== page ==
Releasing my book a chapter at a time on my blog…here’s chapter two:
Draft board number thirteen consisted of five World War I veterans, each man sixty-five years of age or older. They sat on folding metal chairs around a large rectangular table staring at the task in front of them; to review a large stack of blue folders containing the particulars on every 18-to-35-year-old male registered in their assigned geographic area who had not yet been drafted or volunteered. The board members, dressed alike in baggy blue slacks, mothball-smelling cardigans, and dusty brown shoes each resembling a slightly different version of Scrooge from A Christmas Carol, scowled as they prepared to pour over the information and determine each potential draftee’s fate.
Willie, chairman of the board, whose crusty face, sunken eyes, and bald pate resembled a skull on a pirate’s flag, called the weekly meeting to order. “I’ve got another memo from Washington. Secretary of Defense Robert McNamara needs more soldiers in Vietnam and our quota has doubled. As you go through your reviews today, make sure we don’t miss anybody. I have also passed out the new policy on marriage—it is no longer an exemption unless there is a child. For my money, it doesn’t count if the woman is only pregnant.”
One concerned draft board member spoke up. “But Willie, we can’t do more than we already have—everybody around here hates us.”
“Humbug,” said Willie. “It’s our job to provide the manpower for this war.”
Another member passed around the latest issue of Life magazine. “Look at this article. It says Local Draft Board Thirteen, in Springfield, Ohio, is the most feared and unreasonable draft board in the country. One picture shows a tearful young woman having her husband ripped from her grasp and shoved on an Army bus. Another photo shows a group of mothers picketing in front of the courthouse. One of the women is holding a sign that reads Draft the Draft Board.”
Willie sneered. “Shut up and quit whining. If these boys would volunteer like we did in WWII, this country wouldn’t need a draft.”
“But, it’s not the same, Willie. We were attacked at Pearl Harbor and had to defend our freedom. I don’t know why we are in Vietnam or what we are fighting for—even the South Vietnamese don’t want us there.”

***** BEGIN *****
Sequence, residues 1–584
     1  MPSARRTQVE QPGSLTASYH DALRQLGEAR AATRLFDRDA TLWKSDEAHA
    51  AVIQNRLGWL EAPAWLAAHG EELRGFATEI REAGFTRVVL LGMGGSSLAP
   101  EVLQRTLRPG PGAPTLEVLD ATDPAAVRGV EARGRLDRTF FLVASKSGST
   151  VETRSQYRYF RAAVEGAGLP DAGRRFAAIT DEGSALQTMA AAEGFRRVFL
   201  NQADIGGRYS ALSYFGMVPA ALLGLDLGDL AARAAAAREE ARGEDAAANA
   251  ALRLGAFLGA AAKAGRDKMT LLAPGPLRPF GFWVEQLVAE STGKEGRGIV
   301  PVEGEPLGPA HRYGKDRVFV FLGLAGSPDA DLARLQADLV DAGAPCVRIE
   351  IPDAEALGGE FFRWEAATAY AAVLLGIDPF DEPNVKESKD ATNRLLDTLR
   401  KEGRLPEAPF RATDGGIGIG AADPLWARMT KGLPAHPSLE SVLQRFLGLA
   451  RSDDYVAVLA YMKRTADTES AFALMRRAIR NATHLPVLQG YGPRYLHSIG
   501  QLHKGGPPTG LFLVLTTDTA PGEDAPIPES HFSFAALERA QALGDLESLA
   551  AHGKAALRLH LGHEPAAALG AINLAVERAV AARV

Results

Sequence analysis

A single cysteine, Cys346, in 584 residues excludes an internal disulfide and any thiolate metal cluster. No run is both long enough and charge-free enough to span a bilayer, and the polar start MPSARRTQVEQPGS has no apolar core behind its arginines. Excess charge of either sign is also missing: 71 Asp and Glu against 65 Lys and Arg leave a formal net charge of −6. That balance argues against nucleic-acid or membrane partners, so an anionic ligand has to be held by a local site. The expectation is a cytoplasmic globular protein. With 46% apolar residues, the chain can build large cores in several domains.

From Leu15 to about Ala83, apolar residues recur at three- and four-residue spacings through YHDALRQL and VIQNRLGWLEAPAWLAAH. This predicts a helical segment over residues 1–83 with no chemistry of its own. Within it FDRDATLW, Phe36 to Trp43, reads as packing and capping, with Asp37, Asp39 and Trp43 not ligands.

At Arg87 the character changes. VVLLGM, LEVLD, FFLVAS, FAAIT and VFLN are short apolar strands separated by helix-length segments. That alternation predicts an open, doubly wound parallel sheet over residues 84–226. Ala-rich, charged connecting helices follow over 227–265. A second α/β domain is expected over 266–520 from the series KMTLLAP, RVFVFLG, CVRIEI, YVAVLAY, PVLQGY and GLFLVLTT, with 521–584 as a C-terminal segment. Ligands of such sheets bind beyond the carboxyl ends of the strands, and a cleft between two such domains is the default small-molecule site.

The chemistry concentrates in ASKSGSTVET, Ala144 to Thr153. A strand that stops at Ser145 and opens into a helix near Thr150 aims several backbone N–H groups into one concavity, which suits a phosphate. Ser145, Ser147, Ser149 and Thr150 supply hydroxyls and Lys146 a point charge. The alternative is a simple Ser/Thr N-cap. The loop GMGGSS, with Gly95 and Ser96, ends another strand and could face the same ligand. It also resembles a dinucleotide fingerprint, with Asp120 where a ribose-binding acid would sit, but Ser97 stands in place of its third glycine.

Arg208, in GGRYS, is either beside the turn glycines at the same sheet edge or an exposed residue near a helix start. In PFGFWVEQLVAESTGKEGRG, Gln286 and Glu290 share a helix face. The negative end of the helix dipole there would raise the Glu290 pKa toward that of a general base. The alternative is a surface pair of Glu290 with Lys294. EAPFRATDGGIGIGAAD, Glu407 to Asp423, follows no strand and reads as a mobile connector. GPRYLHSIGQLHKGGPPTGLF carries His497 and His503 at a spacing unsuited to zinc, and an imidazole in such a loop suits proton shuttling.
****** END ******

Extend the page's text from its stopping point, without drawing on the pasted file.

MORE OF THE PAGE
“If you keep bitching, we won’t get anything done. Now get to work.”
The minor revolution squelched, Willie turned back to the task at hand. Flipping through the next folder in his stack, he began mumbling to himself. What a slacker. Just because daddy paid for his college education, he thinks he can avoid dying for his country. We’ll see about that. A large inkpad and three stamps sat in front of Willie: 1A, eligible for the draft; 3A, College Deferment; and 4F, not eligible, usually for a medical exception.
The small, dimly-lit room remained quiet most of the time, as the board members performed their reviews. The silence would be interrupted from time to time, whenever a member would slam down his stamp after he finished a case, causing an odd, rhythmic thumping noise, like a factory assembly line stamping out sheet metal parts for a new car. But if all five happened to slam down their stamps at the same time, it caused a minor boom, and the whole table would shake.
Willie, when he wasn’t hacking from thirty years of smoking, liked to read the name of the soon-to-be draftee out loud, right before he slammed down his 1A stamp. Then, if he got five 1As in a row, he would leap to his feet, do an enthusiastic victory dance, and cackle like a crazed chicken. Working on the next series of five draftees, he read, Barry James, 1A (slam); Sam Johnson, 1A (slam); Eli Jones, 1…Willie stopped in mid-slam. He raised the paper a little closer so he could read the fine print—Completed two years at Ohio State University, B average, registered full-time—status: educational deferment.
Willie’s lower lip protruded in a pout. He refused to let anyone slip through his fingers. Willie verified the quarterly school enrollment notification had arrived on time, but he knew how to fix that, as he had so many times in the past. Furtively glancing around, he pulled a black pen out of his briefcase, and carefully filled in the three, until to the untrained eye it looked exactly like an eight.
The other draft board members stared in his direction when Willie jumped up and shouted out with even more satisfaction than usual. “Eureka—I’ve got him! This letter arrived five days late.” He punctuated his announcement by spitting a wad of phlegm onto the cement floor that he had coughed up in his excitement.
Willie’s hand trembled at the realization of the power he held over these young lives. Grasping his favorite stamp, with his yellow-stained fingers, he smeared on a little extra ink and raised the large wooden weapon a tad higher than usual. With his hand tightly wrapped around the handle, he hesitated at the top of the arc, relishing this moment of triumph and then with all his strength plunged it downward, picking up speed, as the stamp, dripping red, raced toward the paper with a purpose. With a mighty slam, the raised rubber symbol hit its mark and Willie noted with some pride that he had shaken the table solo, as he announced, “Eli J. Jones, 1A!”